Cinematographers Jo Yeong-gyu and Cho Yong-kyou do amazing work with the cinematography as it‘s very colorful for some of the daytime exteriors while using some low-key lights and such for some eerie interior/exterior scenes at night. Editor Lee Eun-soo does fantastic work with the editing to create some offbeat rhythms for the humor and action along with elements of jump-cuts and slow-motion cuts for some of the intense moments including the chase sequence. Production designer Hang Lee does excellent work with the look of the apartment rooms to present the personality of the characters as well as the places they go to.

Costume designer Choi Yun-jung does terrific work with the costumes from the yellow hoodie that Park wears to the casual look of Ko. Visual effects supervisor Jung Sung-jin does nice work with some of the minimal visual effects as it relates to a few key stunts and moments involving the dogs. Sound mixers Choi Tae-young and Oh Weon-chul do superb work with the sound to create elements of suspense as well as eerie moments that play into Ko‘s troubled state of mind including the sounds of barking dogs. The film’s music by Jo Seong-woo is brilliant as it is this lively mix of jazz with bits of classical as it plays into some of the film’s humor and dramatic moments as it’s one of the film’s highlights.

The film’s phenomenal cast includes some notable small roles from Kim Jin-goo as an old lady with a Chihuahua, Kim Roi-ha as a mysterious man who lives in the apartment basement, Go Soo-hee as Park’s friend Yoon, and Byun Hee-bong as the maintenance man who would cook food in the basement as he would tell a chilling story to a tenant that Ko would listen to. Kim Ho-jung is wonderful as Ko’s pregnant wife Eun-sil as she is quite cruel to him by making him break walnuts and spending money on things as there’s aspects about her that doesn’t make her a total bitch. Bae Doona is remarkable as Park Hyun-nam as this young and aimless woman who sees an opportunity to find dogs in the hopes to get some kind of reward as she also copes with the downside of the real world. Finally, there’s Lee Sung-jae in a riveting performance as Ko Yun-ju as this grad student who is desperate to become a professor as he becomes unhinged by all kinds of pressure as he would take it out on dogs as he becomes troubled by his actions and hopes to find some form of redemption.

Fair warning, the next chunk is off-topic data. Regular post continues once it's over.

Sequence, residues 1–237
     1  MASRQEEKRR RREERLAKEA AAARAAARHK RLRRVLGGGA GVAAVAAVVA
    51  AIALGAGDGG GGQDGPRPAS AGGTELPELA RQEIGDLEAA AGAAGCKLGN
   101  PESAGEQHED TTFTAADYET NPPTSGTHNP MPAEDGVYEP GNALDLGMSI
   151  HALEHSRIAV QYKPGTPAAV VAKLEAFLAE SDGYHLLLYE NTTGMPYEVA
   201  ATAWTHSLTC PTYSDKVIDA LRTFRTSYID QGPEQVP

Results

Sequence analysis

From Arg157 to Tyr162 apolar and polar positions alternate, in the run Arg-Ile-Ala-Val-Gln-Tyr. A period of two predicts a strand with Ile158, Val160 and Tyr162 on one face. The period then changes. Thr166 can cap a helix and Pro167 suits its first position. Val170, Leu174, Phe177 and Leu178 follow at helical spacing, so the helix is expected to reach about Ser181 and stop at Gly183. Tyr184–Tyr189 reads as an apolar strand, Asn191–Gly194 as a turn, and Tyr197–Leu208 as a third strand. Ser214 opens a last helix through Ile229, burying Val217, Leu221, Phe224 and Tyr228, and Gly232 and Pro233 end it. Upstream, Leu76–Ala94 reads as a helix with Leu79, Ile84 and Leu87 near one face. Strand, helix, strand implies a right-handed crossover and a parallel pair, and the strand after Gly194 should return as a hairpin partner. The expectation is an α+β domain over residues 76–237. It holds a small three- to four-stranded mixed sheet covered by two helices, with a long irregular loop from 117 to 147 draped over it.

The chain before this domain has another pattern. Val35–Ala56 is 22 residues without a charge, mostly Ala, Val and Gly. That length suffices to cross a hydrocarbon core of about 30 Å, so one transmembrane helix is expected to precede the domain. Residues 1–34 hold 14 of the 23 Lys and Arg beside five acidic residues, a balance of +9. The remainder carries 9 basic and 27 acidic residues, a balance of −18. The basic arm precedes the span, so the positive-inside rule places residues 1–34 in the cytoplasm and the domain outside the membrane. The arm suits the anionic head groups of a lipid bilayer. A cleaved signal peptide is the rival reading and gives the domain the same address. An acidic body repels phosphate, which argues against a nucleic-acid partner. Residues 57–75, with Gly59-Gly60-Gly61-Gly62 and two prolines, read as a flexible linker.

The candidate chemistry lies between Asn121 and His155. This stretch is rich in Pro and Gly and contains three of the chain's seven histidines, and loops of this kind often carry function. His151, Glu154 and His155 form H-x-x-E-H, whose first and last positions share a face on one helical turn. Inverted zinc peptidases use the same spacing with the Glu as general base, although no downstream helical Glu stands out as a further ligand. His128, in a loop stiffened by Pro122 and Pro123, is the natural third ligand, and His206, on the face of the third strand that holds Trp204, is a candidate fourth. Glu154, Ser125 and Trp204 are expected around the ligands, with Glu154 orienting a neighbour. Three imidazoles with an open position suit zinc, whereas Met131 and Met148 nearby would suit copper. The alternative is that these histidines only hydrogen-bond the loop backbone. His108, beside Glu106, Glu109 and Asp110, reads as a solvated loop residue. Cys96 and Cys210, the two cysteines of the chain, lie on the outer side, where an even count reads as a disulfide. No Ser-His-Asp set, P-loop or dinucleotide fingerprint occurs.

Barking Dogs Never Bite is a sensational film from Bong Joon-ho. Armed with a fantastic cast and a story that is offbeat yet captivating, it’s a film that manages to be dark and weird. Yet, it’s also a film that plays into the world of humanity and the pressures they’re put upon to better themselves but in ways they’re unable to cope with. In the end, Barking Dogs Never Bite is a tremendously odd yet thrilling film from Bong Joon-ho.

Bong Joon-ho Films: Memories of Murder - The Host (2006 film)) - Tokyo!-Shaking Tokyo - Mother - Snowpiercer - Okja - Parasite - The Auteurs #44: Bong Joon-ho

© thevoid99 2015


Dell said...

Haven't heard of this one, but I do like this director. The Host, Snowpiercer, and Mother are all excellent so I'll definitely check this out.

thevoid99 said...

I hope you do as it's one of his essentials as the only one of his I need to see is Mother to complete his feature-film filmography for my Auteurs piece on him.